Without any reason, I promised myself I’d find something to convince Mehmet it was a beautiful composer’s trash bin. But the next week I found nothing in the bin, and the week after that, nothing again. Not one sheet of music in the trash, not even so much as a single note scratched onto a napkin, or a used-up rosin block, or even a banana peel with fret marks pressed into its skin from distractedly being eaten while practicing a vibrato. No, the old man must be sick, I thought, come down with a summer cold. It was a shame; I enjoyed collecting the composer’s trash if only for the reprieve of tending to something precious, of being entrusted with the death of the beloved machinations of one’s art. Trash, just trash, unadorned, unloved. Scorned because it announces decay, and decay is the product of time, and time is the fear of all living things. You look for small grandeurs in my line of work. A month here and you’d be singing odes to those rare, crumbless toasters.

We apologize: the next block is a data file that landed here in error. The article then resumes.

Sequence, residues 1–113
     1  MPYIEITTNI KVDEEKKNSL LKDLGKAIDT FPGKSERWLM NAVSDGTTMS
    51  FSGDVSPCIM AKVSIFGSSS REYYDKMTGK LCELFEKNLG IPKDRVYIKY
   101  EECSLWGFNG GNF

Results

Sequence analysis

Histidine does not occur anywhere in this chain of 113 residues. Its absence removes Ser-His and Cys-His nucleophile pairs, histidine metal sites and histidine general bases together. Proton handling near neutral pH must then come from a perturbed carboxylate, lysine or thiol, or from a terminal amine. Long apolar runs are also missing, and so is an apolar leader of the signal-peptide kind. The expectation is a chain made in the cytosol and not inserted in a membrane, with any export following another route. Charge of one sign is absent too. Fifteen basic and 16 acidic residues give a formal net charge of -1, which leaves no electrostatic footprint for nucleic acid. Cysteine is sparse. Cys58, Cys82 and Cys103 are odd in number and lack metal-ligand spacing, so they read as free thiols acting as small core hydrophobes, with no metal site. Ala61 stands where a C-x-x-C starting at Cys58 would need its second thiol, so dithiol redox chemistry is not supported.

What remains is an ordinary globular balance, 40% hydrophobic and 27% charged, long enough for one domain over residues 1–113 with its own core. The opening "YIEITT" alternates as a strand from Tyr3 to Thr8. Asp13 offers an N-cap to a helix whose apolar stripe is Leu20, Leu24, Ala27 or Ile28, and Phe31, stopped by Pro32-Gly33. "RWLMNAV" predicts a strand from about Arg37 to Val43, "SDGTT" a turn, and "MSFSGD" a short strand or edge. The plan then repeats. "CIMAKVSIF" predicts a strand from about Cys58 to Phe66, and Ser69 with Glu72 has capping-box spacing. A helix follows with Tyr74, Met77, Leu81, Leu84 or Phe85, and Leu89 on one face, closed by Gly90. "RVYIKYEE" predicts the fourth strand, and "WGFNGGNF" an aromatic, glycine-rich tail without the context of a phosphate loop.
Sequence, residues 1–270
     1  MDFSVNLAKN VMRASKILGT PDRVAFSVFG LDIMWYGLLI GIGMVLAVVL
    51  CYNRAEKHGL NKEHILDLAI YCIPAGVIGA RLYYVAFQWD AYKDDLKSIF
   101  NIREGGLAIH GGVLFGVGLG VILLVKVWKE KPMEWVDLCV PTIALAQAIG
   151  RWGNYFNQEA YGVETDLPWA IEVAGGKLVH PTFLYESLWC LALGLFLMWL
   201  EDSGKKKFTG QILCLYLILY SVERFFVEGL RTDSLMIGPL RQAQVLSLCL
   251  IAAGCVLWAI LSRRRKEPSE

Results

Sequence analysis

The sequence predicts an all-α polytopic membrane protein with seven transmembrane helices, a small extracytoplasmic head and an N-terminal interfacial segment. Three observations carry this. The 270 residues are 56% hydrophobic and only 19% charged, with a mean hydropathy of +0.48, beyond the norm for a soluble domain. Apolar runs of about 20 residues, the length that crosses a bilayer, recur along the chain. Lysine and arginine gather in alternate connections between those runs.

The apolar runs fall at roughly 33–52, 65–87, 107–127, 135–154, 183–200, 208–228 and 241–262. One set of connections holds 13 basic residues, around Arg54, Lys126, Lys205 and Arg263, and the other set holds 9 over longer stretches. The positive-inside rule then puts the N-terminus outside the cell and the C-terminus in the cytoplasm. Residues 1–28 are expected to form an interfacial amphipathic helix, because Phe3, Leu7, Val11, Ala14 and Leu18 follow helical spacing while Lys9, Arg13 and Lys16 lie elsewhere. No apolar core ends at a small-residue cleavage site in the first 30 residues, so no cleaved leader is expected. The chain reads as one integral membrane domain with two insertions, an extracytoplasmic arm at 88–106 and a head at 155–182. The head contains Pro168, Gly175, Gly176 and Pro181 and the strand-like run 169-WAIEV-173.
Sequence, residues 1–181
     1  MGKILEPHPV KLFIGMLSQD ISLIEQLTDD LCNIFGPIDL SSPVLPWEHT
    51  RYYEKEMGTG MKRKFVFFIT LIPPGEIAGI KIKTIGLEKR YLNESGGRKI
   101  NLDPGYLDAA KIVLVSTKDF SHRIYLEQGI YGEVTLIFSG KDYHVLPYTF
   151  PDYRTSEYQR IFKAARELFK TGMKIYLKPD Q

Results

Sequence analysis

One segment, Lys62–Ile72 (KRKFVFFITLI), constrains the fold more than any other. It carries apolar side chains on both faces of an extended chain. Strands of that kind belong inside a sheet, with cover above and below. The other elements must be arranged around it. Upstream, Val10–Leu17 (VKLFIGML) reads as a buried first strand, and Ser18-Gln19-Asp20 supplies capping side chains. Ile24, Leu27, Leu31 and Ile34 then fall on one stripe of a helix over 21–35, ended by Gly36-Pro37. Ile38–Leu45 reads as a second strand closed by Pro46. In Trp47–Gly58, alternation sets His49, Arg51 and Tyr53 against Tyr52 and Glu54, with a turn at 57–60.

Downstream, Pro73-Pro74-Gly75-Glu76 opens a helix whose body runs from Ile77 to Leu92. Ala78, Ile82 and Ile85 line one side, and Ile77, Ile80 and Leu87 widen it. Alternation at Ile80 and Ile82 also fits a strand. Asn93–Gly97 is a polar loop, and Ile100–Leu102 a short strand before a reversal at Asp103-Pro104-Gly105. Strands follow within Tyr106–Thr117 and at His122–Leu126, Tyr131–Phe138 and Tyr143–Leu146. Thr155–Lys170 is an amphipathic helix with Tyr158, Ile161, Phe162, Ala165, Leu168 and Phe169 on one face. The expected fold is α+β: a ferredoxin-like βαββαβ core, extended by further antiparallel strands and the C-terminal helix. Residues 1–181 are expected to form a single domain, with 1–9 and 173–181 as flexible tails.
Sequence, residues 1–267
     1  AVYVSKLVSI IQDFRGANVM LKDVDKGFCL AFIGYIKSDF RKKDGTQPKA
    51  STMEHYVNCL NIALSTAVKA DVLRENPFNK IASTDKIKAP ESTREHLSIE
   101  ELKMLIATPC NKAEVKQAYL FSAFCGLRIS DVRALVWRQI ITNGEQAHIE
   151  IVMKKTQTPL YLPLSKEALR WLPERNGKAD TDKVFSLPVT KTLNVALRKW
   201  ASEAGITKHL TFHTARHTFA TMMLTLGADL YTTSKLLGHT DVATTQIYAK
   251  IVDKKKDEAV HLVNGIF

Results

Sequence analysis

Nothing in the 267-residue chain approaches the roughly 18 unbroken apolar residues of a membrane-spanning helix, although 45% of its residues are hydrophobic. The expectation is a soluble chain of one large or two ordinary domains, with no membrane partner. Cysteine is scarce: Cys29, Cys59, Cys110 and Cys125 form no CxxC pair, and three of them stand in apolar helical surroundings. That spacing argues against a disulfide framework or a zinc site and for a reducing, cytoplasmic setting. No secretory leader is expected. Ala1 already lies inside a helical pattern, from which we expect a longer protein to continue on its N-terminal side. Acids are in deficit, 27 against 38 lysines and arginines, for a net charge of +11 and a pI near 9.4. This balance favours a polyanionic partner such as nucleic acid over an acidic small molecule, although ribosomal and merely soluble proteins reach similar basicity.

“Do you think he’s died?” I asked Mehmet. We were in the cab of the truck, watching Hamit drag a large bin full of sardine tins across the street.
“The old composer.”
“Old men are in the habit of dying,” he said.
Somewhere a faucet was loosing dribbles of water over the flagstones of the alley and in a mirror of the rivulets, the muezzin’s call to prayer slid over the grooves of the sky. Anything to beat the heat had me with my uniform off and over my head. My undershirt was soiled, the cuffs of my trousers slicked by the puddles. I dragged my cart behind me to the next bin: the composer’s. I lifted the lid, expecting to find nothing once more and so resign myself to my worst fears, but instead, deep in the receptacle, I spied a small instrument laid gingerly over a pile of clean newspapers, more precious than a pair of china cups in packaging.